Measles virus (Morbillivirus)
The measles virus
The measles virus is a member of the morbillivirus genus and the paramyxovirus family. This family contains a number of viruses transmitted by the respiratory tract, including, for example, parainfluenza viruses, the rubella agent, metapneumovirus, and respiratory syncytial virus. Paramyxoviruses are about 150-300 nanometers in diameter, 4-6 times smaller than a bacteria. Paramyxoviruses are characterized by an envelope1 and a helicoidal2 capsid3 that protects viral RNA.
Measles is one of the childhood illnesses that can be prevented by vaccination, like mumps and rubella. This disease has an extremely high transmission capacity with an initial reproduction rate4 (R0) of around 9, which is 3 times the R0 of the initial Sars-CoV-2 Coronavirus and 6 times that of the influenza virus. Due to its high contagiousness, epidemics occur in populations insufficiently protected by vaccination.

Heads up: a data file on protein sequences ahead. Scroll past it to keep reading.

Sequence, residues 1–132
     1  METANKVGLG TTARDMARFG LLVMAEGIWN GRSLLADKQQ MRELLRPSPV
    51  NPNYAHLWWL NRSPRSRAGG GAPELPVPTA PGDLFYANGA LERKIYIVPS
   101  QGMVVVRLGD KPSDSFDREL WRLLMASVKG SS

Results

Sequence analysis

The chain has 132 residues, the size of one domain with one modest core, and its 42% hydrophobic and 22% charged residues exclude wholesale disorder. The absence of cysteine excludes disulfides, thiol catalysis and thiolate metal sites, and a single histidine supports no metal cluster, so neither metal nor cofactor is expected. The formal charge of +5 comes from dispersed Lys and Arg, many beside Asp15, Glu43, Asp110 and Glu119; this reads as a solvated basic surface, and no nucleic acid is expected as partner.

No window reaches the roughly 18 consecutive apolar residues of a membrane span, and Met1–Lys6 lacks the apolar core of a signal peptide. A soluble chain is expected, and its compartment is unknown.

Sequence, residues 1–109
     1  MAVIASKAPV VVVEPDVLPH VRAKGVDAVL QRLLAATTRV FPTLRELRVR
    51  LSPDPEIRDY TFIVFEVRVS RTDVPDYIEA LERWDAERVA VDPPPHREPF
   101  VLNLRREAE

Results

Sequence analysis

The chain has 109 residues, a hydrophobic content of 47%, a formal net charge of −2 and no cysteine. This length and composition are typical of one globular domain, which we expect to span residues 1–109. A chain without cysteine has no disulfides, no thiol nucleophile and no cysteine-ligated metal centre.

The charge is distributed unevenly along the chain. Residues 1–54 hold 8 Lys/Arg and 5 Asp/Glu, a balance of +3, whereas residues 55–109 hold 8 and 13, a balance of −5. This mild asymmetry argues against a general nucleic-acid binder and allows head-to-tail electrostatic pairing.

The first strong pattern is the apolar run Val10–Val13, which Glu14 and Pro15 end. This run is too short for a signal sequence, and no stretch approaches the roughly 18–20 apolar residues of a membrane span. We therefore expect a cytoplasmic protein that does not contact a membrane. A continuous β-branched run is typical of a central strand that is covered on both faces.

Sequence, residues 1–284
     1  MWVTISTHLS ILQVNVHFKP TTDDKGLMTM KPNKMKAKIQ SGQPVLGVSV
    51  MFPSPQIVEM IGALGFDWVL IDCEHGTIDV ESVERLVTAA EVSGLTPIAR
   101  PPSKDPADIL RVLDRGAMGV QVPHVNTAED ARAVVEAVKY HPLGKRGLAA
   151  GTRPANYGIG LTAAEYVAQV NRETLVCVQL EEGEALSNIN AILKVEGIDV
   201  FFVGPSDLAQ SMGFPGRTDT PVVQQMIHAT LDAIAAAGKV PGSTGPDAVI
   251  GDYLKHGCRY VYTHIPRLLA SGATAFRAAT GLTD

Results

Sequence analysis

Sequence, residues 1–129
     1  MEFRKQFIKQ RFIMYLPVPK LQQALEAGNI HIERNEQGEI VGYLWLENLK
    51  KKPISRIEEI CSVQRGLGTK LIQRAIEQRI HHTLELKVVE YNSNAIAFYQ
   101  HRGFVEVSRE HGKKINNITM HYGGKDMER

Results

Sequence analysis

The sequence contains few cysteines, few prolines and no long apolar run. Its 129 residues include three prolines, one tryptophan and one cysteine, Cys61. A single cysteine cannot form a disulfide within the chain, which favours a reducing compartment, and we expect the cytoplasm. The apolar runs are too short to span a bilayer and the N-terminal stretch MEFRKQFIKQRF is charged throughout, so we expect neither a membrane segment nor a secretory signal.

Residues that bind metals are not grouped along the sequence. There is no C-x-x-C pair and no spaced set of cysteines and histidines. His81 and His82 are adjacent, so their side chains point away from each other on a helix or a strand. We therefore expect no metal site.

Thus, in 2018, a large epidemic occurred at the University of Lausanne among students, and made the headlines of Swiss newspapers.